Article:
The recent announcement that a 2014 data breach at Yahoo had compromised the private information of up to 200 million users’ email accounts is the latest reminder that you can never do too much to try to protect your privacy. Here are some recommendations from Consumer Reports.
1. Check if your personal data is for sale online by searching haveibeenpwned.com. Your email address and user names can be checked against 120 known breaches. If your email address pops up as breached, change your password immediately.
2. Use 10-Minute Mail (10minutemail.com) when you have to provide an email address to access information on a website you don’t intend to visit again. The email address will stay valid up to 20 minutes and then self-destruct. 10-Minute Mail doesn’t retain personal data.
3. Shred snail mail that has identity markers such as Social Security number (even the last four digits), birth date, credit card numbers, account numbers from financial institutions, medical insurance numbers.
4. Unsolicited credit card offers sent to you can be intercepted by identity thieves who then have the cards sent to their address. Contact the Consumer Credit Reporting Industry at optoutprescreen.com or 888-567-8688 to turn off most of these offers permanently or for five years.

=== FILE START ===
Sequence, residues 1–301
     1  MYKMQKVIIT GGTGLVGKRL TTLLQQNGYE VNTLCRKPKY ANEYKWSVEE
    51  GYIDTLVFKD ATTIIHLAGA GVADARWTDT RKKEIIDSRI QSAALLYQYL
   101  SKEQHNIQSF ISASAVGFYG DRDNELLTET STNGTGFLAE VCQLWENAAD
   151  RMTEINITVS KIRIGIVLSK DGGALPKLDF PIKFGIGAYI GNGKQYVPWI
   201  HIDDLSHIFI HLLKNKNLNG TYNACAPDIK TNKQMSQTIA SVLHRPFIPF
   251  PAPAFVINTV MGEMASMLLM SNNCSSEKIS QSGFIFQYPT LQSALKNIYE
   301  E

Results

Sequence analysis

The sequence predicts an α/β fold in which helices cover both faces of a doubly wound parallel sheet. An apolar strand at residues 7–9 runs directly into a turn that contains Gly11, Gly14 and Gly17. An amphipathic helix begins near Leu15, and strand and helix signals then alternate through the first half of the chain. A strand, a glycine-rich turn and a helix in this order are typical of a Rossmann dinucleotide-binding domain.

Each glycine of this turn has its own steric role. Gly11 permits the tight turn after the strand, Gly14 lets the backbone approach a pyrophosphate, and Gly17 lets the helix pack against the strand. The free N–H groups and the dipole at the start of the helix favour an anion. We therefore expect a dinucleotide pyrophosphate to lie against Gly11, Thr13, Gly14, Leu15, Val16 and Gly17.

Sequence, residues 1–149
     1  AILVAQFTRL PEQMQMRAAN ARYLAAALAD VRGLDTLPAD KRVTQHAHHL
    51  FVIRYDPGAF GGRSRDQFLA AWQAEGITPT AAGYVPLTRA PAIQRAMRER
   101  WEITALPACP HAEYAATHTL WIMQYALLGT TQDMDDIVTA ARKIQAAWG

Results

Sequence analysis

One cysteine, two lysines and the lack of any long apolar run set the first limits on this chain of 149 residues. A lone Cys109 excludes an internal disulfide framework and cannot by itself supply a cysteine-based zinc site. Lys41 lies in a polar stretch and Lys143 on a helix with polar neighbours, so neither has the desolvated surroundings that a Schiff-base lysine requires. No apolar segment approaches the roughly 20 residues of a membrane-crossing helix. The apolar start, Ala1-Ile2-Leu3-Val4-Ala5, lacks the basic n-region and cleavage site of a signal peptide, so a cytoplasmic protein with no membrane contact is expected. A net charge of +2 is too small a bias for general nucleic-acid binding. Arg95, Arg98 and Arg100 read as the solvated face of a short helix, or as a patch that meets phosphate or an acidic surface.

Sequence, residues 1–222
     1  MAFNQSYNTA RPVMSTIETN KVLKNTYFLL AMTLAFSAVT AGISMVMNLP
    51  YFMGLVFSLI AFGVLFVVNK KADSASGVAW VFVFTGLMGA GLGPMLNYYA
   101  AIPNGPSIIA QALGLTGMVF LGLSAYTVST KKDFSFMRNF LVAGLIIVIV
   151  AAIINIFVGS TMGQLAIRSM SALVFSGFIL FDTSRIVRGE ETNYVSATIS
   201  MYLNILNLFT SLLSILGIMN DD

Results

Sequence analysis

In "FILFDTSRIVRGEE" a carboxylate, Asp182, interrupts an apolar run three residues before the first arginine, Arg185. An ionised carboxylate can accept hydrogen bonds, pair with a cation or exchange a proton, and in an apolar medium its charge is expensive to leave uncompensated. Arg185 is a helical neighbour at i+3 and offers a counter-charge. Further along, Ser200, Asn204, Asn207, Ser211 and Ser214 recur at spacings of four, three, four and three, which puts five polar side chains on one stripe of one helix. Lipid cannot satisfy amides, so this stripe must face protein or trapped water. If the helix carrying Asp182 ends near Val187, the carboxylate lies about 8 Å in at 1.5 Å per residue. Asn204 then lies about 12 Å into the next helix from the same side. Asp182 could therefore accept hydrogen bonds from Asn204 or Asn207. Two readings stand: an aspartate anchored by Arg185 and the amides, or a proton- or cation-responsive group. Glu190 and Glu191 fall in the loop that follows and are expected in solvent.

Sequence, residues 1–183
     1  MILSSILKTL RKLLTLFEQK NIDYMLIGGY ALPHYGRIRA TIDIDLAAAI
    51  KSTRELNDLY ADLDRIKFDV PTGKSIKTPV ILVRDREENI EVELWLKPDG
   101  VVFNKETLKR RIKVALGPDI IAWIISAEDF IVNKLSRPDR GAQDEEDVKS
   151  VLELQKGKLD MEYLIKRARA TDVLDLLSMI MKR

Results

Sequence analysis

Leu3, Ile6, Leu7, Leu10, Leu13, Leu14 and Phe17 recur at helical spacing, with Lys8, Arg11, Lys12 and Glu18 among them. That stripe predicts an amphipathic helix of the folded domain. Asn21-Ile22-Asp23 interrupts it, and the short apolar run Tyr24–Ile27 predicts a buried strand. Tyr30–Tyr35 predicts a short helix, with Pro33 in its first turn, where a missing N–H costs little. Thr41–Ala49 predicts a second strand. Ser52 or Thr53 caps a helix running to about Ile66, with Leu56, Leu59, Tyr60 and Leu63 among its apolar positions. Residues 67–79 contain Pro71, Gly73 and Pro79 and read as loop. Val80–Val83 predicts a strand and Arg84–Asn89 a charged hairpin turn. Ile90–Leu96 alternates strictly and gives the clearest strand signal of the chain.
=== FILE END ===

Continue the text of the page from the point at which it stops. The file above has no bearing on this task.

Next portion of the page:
5. Stop identity theft after a death by sending a copy of the death certificate to the IRS. Also, cancel the driver’s license of the deceased and notify credit agencies, banks, insurance companies and financial institutions.
6. Many businesses support Two-Factor Authentication (2FA), which requires a second piece of information — usually a set of numbers sent by text to your phone — other than your password to log into your account. You’ll find a partial list of companies that support 2FA at twofactorauth.org
7. If your fitness tracker allows you to turn off Bluetooth, do so unless you’re syncing data at the end of the day or workout. Many Bluetooth devices can broadcast sensitive information such as your user name, address, password and GPS data to sniffer software located nearby.
For more tips, see the November issue of Consumer Reports.